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Adhesion in the wheel-rail contact under contaminated conditions
KTH, School of Industrial Engineering and Management (ITM), Machine Design (Dept.), Tribologi. (KTH Railway Group)
2011 (English)Licentiate thesis, comprehensive summary (Other academic)
Abstract [en]

Railway vehicles require a certain level of adhesion between wheel and rail to operate efficiently, reliably, and economically. Different levels of adhesion are needed depending on the vehicle running conditions. In the wheel tread–railhead contact, the dominant problem is low adhesion, as low adhesion on the railhead negatively affects railway operation: on one hand, the vehicle will lose traction resulting in delay when driving on low-adhesion tracks; on the other hand, low adhesion during deceleration will extend the braking distance, which is a safety issue.

This thesis examines the influence of several contaminants, i.e., water, oil, and leaves, on the adhesion in the wheel tread–railhead contact. This study will improve our knowledge of the low-adhesion mechanism and of how various contaminants influence adhesion. The thesis consists of a summary overview of the topic and three appended papers (AC).

Papers A and B focus mainly on water and oil contamination examined using two methods, numerical simulation and lab testing. In paper A, real measured wheel and rail surfaces, low- and high-roughness surfaces, along with generated smooth surfaces are used as input to the numerical model for predicting the adhesion coefficient. Water-lubricated, oil-lubricated, and dry contacts are simulated in the model. In the research reported in paper B, scaled testing using a mini traction machine (MTM) was carried out to simulate the wheel–rail contact under lubricated conditions. Two types of disc surfaces of different roughnesses were run at different contact pressures and temperatures. A stylus machine and atomic force microscopy (AFM) were used to measure the surface topography. A study of leaf contamination on the railhead surface, based on field testing, is presented in paper C. Railhead surface samples were cut and the friction coefficient was measured on five occasions over the course of a year. Electron spectroscopy for chemical analysis (ESCA) and glow discharge optical emission spectrometry (GD-OES) were used to detect the chemical composition of the leaf-contamination layer on the railhead surface.

The main conclusion of the thesis is that different contaminants reduce the adhesion coefficient in different ways. Oil reduces the adhesion coefficient by carrying the normal force due to its high viscosity. Water can reduce the adhesion coefficient to different degrees depending on the surface topography and water temperature. The mixture of an oxide layer and water contamination may have an essential impact. A leaf-formed blackish layer causes low adhesion by means of a chemical reaction between the leaves and bulk material. The thickness of the friction-reducing oxide layer predicts the friction coefficient and the extent of leaf contamination.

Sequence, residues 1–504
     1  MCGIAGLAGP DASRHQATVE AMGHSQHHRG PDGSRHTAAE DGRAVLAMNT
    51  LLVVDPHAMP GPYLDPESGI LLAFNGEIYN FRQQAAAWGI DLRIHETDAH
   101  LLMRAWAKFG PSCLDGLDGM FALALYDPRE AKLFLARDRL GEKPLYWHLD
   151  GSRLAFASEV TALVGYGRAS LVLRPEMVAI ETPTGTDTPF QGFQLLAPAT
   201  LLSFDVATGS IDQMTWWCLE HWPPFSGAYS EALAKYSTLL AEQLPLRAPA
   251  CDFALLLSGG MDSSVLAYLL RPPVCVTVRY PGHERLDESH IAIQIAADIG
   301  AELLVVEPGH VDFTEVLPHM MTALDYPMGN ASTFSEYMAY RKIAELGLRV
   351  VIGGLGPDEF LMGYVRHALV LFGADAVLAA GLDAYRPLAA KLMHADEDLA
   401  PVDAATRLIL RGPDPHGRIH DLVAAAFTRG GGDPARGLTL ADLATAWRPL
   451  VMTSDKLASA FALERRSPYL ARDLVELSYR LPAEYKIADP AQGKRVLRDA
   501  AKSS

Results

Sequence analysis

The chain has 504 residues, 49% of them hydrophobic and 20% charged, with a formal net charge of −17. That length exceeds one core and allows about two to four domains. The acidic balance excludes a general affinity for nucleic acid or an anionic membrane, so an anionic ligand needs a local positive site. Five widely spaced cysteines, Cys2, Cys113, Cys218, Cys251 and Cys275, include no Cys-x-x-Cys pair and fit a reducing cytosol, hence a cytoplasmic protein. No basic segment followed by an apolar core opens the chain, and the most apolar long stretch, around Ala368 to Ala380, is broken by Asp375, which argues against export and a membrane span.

Place, publisher, year, edition, pages
Stockholm: KTH Royal Institute of Technology , 2011. , 27 p.
Series
Trita-MMK, ISSN 1400-1179 ; 2011:15
Keyword [en]
adhesion, wheel-rail contact, contaminants, rough surfaces
National Category
Tribology
Identifiers
URN: urn:nbn:se:kth:diva-48441ISBN: 978-91-7501-181-3 (print)OAI: oai:DiVA.org:kth-48441DiVA: diva2:457625
Presentation
2011-12-01, B242, KTH, Brinellvägen, Stockholm, 10:00 (English)
Opponent
Supervisors
Note
QC 20111123Available from: 2011-11-23 Created: 2011-11-18 Last updated: 2012-01-27Bibliographically approved
List of papers
1. Adhesion modeling in the wheel-rail contact under dry and lubricated conditions using measured 3D surfaces
Open this publication in new window or tab >>Adhesion modeling in the wheel-rail contact under dry and lubricated conditions using measured 3D surfaces
2013 (English)In: Tribology International, ISSN 0301-679X, E-ISSN 1879-2464, Vol. 61, 1-10 p.Article in journal (Refereed) Published
Abstract [en]

Adhesion between wheels and rails plays an essential role in the safe, efficient, and reliable operation of a railway network. Particularly under lubricated conditions, which can be a natural lubricant as water and an applied lubricant as rail oil, trains can experience adhesion loss. This paper presents an adhesion model constructed using the measured 3D wheel-rail surfaces. The numerical model comprises of three parts: a normally loaded contact model; an interfacial fluid model; and a rolling-sliding contact model. Simulation examples use the numerical model to investigate how water or oil contamination might affect wheel-rail adhesion in contacts with different surface roughness levels. Simulation indicates that adhesion peaks are almost at the same creep on different surfaces. The fluid load capacity is inversely proportional to the adhesion coefficient, both of which are clearly dependent on vehicle speed. Oil reduces adhesion coefficient more than water does. The adhesion coefficient on the low roughness surfaces is higher than that on the generated smooth surfaces under oil-lubricated conditions while it is the opposite for water-lubricated contact.